Principia has a tradition that is more than 80 years old which does not allow locks on the doors of student rooms. It was established in an effort to foster a culture of home and family. According to the Student Life website, “The residency program at Principia College is an intentional outgrowth of Mrs. Morgan’s vision that, as much as possible, Principia and Principians should be a family. It also aligns with Principia’s commitment to the unfoldment of character.”

When asked about whether or not Principia has ever allowed students to lock their doors or other personal belongings, the Dean of Students, Debra Jones, shared a story that she has been told about this issue. She said, “According to former Dean of Students Chestnut Booth, who was here at the time, there was a lock experiment in 1995-1996…  [During the experiment] students were not proposing locks to lock themselves in, but to lock their belongings when they left the room.”

However, students “ran into problems locking roommates out who [had] forgotten to take their keys or who didn’t want the door locked at all.” Also, Jones reported that Booth said, “Home cultures started to change and lose the ‘family’ and ‘home’ feeling.” Eventually, after a review by student government, the house presidents decided that the campus would go back to having no locks.

Jones and student body president Bailey Bischoff held an informational meeting about locks on Friday 16 October. The meeting answered questions that students had about the current lock situation, which were mostly focused on safety procedures and ways to prevent theft. Senior Beth Ann White said, “It was very considerate that they arranged this meeting, but I think that a lot of students came in with the expectation that the discussion would lead to more results than it did.” In the meeting, Jones said the need for further discussion was evident. White said, “It seemed like as long as students want this discussion to continue, it will, but they need to be the driving force.”

In more recent years, students have wondered if the inability to lock dorm doors contributes to the occurrence of theft. While students are given the avenue of reporting their theft, Campus Security Director Matthew Brill said that the number of students that choose to do so is relatively low—only nine in 2015, and an average over the last five years of 12.

Most reported theft is either bikes, which are more likely to be recovered, or cash, which Brill said is nearly impossible to recover unless the actual theft is witnessed. Jones and Brill both believe that a low percentage of thefts are actually reported, but neither can confirm this fact. Brill added that the best solution to the problem of theft would be a change in the mindset of the thieves. “[Any time] that somebody takes [something] without permission… is stealing. It’s not just borrowing,” he said, especially in reference to bikes.

According to student government, locks on dorm doors might not help the theft situation. Bischoff said, “As far as I am aware, ‘theft’ in general is not a prominent issue. The problem seems to be bike theft. As student government, we are discussing different ways to address this issue right now, as there have been unsuccessful attempts made by student government to alleviate the issue in the past.”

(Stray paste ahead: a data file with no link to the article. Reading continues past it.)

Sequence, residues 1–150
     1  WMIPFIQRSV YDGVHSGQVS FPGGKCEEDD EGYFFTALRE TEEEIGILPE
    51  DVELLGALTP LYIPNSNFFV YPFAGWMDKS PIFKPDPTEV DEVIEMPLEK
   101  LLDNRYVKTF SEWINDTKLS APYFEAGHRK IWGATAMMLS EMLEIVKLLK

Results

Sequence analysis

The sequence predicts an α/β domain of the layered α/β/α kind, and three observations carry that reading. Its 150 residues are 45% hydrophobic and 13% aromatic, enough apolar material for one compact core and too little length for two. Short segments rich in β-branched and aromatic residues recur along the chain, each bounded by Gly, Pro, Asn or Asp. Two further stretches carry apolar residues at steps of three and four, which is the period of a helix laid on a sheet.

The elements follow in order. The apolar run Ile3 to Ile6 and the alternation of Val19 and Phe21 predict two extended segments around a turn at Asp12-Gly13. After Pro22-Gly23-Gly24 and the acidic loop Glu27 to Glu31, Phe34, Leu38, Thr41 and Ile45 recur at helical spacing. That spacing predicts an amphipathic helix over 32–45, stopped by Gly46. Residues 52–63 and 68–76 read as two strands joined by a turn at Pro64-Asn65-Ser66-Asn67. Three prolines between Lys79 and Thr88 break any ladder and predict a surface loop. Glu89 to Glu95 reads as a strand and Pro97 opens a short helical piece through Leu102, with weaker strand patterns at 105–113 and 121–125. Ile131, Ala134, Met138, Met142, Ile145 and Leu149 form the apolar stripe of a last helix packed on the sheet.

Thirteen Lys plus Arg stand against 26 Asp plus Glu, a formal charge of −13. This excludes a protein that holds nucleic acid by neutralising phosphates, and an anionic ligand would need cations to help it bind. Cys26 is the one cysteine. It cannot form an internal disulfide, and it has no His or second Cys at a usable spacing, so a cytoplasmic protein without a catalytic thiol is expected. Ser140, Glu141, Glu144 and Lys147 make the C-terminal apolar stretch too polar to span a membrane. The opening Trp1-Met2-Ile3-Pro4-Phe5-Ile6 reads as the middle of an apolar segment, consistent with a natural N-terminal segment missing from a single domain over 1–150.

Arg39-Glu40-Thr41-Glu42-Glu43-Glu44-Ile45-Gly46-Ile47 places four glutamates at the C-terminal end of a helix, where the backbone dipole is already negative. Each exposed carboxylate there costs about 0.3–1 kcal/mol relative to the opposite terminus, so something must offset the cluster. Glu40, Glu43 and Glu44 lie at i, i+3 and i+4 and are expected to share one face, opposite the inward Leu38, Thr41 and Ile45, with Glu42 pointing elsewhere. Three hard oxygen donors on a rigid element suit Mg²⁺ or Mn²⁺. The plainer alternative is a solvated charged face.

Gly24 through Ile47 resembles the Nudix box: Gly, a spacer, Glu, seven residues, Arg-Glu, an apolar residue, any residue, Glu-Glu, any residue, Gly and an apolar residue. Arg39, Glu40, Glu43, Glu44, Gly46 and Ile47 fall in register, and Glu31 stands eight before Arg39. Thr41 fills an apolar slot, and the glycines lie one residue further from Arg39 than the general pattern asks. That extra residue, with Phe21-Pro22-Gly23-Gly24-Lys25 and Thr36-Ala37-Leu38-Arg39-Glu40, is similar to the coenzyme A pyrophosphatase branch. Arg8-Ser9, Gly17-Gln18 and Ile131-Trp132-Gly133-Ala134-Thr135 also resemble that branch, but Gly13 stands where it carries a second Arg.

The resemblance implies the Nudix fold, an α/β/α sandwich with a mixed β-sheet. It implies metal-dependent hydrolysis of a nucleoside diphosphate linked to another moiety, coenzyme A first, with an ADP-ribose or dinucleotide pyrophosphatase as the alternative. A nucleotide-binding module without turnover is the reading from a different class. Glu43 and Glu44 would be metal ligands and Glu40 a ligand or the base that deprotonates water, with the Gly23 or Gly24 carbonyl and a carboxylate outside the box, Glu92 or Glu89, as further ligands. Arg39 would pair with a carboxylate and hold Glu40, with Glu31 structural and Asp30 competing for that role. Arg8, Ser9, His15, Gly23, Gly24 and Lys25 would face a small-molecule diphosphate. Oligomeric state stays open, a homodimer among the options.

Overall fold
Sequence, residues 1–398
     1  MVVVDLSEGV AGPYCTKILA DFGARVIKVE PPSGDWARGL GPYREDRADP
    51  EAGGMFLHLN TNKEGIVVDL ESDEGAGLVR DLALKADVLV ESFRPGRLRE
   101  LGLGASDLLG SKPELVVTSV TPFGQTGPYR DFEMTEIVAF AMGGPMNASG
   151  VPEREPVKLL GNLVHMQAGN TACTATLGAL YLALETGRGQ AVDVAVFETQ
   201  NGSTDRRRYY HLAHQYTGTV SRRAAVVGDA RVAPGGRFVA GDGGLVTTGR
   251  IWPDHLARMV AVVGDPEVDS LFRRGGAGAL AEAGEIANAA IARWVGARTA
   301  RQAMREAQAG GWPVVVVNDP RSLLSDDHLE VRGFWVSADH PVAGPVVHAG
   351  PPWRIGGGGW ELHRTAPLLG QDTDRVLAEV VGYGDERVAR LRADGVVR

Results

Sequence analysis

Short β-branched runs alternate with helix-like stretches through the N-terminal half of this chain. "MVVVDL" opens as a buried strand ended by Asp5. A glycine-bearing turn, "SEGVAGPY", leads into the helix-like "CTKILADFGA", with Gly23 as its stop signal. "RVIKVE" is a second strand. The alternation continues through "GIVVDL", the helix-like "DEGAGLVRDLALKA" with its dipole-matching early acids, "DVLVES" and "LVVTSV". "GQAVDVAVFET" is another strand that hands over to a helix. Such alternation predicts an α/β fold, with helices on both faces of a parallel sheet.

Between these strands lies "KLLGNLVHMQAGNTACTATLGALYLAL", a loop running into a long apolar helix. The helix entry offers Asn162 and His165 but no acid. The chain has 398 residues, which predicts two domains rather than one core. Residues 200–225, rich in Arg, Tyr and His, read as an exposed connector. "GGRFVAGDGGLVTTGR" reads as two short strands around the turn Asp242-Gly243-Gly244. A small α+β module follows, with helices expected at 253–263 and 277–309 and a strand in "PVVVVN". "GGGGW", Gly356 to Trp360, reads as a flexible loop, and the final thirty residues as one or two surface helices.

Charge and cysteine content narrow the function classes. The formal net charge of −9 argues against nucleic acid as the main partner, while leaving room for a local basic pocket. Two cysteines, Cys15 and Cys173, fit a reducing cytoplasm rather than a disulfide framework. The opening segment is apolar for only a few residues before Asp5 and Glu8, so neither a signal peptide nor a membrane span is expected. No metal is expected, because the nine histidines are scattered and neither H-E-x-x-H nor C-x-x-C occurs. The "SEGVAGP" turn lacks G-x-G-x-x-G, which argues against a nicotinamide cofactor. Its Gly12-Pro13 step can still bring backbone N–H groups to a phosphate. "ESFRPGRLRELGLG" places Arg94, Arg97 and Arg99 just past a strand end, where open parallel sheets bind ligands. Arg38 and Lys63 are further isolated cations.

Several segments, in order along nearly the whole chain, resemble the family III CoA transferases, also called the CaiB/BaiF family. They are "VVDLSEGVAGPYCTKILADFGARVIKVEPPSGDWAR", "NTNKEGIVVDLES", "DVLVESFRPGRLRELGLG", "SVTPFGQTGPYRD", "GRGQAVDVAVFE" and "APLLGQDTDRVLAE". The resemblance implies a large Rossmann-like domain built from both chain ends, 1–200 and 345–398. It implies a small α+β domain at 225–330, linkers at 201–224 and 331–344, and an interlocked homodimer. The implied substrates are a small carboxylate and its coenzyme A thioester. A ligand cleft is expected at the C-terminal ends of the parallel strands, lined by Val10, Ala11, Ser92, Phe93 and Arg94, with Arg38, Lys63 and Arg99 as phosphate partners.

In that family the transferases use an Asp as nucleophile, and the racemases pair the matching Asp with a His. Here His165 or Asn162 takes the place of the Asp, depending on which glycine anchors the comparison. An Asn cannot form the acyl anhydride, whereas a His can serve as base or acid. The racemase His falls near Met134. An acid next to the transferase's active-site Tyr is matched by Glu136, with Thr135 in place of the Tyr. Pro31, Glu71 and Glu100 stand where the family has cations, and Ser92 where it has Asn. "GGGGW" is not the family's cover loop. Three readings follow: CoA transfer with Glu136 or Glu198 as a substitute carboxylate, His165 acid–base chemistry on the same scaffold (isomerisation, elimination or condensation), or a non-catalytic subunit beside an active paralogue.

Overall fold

Some Principia community members who live in close proximity to students have locks. Sam Bronkar, an Anderson House RA, said, “I do think it’s odd that RCs are allowed to have locks on their doors but [students] can’t. With that being said, I haven’t had a problem with not being able to lock my belongings because nothing has been taken from me.”

Other students feel that the situation is unfair. “My room should be my safe place, but it can’t be when random people can walk in and out of my room whenever they want. People put locks on their homes, right? I don’t see why we can’t have locks here,” said senior Akayla Bustamante.

The conversation surrounding locks on doors was widely discussed in a Facebook thread started by junior Austin Moyle on a group page called “The Maple Tree.” Dozens of students responded to the post.

Students pointed out that having locks could ensure a sense of security and privacy while getting dressed, and that they would act as a deterrent against the presence of intrusive visitors (both students and RCs). Students also wondered about the feasibility of hiding from a gunman without locks, as the emergency procedures dictate. As a result of the thread, some students decided to write a petition in order to change the current policy about locks on doors.

Whether or not the petition will succeed is another matter. Moyle said, “It looks like there would be many willing signatures if one of us was able to draft a [petition]. I’m weary and wary, though. Even after thoughtful consideration, including alumni in the process, and editing between many good minds at this school, every document I’ve turned in to the [administration] has been picked apart with CS interpretations and capital-P policies.”

Conversely, some students—like freshman Konrad Peterson—prefer to live without locks. Peterson said, “I think it’s okay [to not have] locks on our doors because it creates more of a community feeling, where people are able to have more interactions with each other.”

Sophomore Olivia Kasprzyk felt mostly indifferent to the issue. However, she said, “Nothing has ever been stolen from me [here]. But outside of Principia, we will need to lock our doors, so I don’t feel like I am being prepared for life after college. This type of thinking seems naïve to me.”

Whether students support, oppose, or are indifferent to dorm rooms at Principia having locks, this topic is important to the community and begs a solution to the greater issue of safety of both person and possessions.